U.S. President Donald Trump dismissed concerns Wednesday about the Philippines canceling a major military accord, saying the decision would save Americans money.

The 1998 Visiting Forces Agreement (VFA) created a legal framework for the presence of U.S. troops in the Philippines and for organizing joint military exercises.

Manila announced its decision Tuesday — a move the U.S. Embassy in the Philippines called a “serious step” — touching off a six-month countdown to the end of the deal.

“If they would like to do that, that’s fine, we’ll save a lot of money,” Trump told reporters at the White House, touting his “very good relationship” with Philippines President Rodrigo Duterte.

Famously outspoken Duterte has threatened since his 2016 election to put an end to the Filipino-American alliance, with an eye toward cultivating relationships with Russia or China instead.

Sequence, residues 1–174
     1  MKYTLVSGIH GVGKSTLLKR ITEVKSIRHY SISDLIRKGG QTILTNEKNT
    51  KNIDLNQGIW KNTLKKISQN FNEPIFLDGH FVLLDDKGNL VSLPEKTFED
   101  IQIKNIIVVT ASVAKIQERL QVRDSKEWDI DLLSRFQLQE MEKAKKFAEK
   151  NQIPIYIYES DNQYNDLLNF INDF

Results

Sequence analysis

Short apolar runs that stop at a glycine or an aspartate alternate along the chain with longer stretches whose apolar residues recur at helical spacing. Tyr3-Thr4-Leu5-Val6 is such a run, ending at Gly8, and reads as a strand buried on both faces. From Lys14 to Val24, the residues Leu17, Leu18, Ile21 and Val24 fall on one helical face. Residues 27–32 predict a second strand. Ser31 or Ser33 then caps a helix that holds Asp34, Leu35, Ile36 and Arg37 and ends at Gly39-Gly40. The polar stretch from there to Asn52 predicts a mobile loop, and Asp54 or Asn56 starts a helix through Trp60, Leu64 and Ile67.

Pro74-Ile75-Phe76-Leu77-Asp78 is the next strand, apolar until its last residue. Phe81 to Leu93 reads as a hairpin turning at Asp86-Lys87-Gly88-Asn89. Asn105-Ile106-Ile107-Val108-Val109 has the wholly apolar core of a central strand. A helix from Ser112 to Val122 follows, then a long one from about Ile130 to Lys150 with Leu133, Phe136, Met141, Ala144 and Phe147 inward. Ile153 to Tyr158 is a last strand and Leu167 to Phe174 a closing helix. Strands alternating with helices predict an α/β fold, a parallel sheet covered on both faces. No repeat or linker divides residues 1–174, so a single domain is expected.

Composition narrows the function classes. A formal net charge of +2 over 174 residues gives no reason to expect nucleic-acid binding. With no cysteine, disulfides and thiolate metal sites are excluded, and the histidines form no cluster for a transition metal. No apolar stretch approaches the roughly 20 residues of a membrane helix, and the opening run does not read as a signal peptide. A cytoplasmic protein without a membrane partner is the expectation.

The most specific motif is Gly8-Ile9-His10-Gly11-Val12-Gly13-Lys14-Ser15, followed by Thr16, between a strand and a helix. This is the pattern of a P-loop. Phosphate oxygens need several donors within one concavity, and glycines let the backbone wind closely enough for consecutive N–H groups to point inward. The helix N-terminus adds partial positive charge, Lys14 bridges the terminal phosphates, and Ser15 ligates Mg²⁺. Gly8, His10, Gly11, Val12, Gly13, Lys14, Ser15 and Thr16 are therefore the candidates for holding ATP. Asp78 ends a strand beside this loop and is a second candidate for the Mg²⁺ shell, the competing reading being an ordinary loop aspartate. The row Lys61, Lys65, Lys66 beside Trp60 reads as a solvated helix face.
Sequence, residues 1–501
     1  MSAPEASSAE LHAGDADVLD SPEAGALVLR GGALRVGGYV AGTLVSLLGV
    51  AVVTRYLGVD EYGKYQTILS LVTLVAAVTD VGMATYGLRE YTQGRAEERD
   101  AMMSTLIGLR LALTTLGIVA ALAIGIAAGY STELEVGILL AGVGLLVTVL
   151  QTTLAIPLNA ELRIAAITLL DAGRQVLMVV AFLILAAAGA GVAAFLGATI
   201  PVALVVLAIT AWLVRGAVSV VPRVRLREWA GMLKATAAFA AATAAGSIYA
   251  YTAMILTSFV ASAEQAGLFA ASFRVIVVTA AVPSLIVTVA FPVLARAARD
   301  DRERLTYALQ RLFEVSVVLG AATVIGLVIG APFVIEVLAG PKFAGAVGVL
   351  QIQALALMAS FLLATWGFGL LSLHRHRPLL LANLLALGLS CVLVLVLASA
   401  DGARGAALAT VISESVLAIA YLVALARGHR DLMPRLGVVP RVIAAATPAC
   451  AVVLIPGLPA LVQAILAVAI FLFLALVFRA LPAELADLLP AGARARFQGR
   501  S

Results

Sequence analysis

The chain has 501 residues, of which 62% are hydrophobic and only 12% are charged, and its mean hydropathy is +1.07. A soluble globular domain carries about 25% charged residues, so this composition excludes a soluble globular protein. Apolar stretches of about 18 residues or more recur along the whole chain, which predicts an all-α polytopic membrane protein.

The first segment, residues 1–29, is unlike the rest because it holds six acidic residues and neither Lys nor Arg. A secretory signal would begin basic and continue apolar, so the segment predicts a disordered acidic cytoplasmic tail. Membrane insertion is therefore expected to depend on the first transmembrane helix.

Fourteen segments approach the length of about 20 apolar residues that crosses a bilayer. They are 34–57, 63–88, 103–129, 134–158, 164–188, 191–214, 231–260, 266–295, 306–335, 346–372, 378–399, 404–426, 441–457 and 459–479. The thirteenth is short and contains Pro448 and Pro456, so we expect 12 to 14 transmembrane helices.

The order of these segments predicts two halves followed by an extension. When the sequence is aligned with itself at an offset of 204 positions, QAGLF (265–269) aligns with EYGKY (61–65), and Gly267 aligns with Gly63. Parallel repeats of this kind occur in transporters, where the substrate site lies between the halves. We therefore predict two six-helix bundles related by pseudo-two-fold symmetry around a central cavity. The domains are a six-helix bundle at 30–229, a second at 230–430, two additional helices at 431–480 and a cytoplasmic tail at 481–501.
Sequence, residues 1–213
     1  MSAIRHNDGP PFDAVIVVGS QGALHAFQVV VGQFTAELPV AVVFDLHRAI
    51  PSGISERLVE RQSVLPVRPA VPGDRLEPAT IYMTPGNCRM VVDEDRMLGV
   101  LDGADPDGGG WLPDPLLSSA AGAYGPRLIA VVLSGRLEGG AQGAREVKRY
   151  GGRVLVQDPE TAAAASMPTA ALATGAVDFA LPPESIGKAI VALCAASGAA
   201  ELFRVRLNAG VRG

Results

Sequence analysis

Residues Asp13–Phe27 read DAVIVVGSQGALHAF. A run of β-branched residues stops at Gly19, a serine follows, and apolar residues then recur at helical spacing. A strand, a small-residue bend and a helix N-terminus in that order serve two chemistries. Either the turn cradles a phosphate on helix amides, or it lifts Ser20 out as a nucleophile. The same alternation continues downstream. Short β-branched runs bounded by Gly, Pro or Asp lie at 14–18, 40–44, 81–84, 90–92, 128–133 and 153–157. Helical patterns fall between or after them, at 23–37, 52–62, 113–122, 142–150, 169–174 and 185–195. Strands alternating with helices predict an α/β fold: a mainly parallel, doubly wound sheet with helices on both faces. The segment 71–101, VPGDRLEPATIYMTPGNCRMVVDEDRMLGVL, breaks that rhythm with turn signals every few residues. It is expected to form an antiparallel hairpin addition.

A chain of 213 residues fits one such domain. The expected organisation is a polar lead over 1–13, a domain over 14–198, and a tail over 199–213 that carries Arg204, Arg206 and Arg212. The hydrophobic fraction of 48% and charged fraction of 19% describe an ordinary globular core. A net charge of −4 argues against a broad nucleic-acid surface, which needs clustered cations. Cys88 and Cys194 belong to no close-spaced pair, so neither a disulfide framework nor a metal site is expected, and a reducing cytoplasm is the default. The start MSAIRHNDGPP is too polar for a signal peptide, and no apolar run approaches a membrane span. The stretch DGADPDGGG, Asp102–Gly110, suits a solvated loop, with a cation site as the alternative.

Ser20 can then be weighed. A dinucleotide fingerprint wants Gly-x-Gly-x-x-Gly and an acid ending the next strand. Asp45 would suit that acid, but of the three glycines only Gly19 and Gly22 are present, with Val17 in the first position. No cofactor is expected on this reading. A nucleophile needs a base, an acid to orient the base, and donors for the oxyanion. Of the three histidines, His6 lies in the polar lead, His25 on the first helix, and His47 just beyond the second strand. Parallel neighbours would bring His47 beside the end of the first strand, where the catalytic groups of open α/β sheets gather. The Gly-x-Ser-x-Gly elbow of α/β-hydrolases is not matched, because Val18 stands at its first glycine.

He specifically mentioned a desire to do away with the VFA again in January, after the U.S. canceled the travel visa of senator and former national police chief Ronald Dela Rosa.

The VFA is divisive in the Philippines, with leftist and nationalist critics arguing it guarantees preferential treatment for U.S. service members accused of crimes.

Its defenders say ending the agreement would compromise the Southeast Asian nation’s ability to defend itself and undermine the U.S. goal of containing Beijing’s ambitions in the South China Sea.


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